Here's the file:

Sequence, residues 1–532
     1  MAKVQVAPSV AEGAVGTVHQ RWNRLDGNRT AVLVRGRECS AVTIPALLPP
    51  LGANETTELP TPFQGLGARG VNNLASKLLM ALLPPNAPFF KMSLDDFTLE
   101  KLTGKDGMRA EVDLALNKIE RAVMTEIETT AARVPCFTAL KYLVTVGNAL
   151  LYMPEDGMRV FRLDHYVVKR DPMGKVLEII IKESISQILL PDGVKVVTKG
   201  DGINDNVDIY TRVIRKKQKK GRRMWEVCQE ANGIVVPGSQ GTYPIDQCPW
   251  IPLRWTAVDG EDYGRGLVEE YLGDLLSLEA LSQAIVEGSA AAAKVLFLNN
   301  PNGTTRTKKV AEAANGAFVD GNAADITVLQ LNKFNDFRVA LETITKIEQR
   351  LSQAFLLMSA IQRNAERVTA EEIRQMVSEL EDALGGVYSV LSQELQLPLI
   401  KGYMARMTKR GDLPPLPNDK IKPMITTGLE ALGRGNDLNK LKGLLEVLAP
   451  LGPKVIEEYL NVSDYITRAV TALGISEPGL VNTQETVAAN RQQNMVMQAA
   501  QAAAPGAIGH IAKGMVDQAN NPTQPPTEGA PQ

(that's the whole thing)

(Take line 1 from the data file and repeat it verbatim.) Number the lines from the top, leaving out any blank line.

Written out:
Sequence, residues 1–532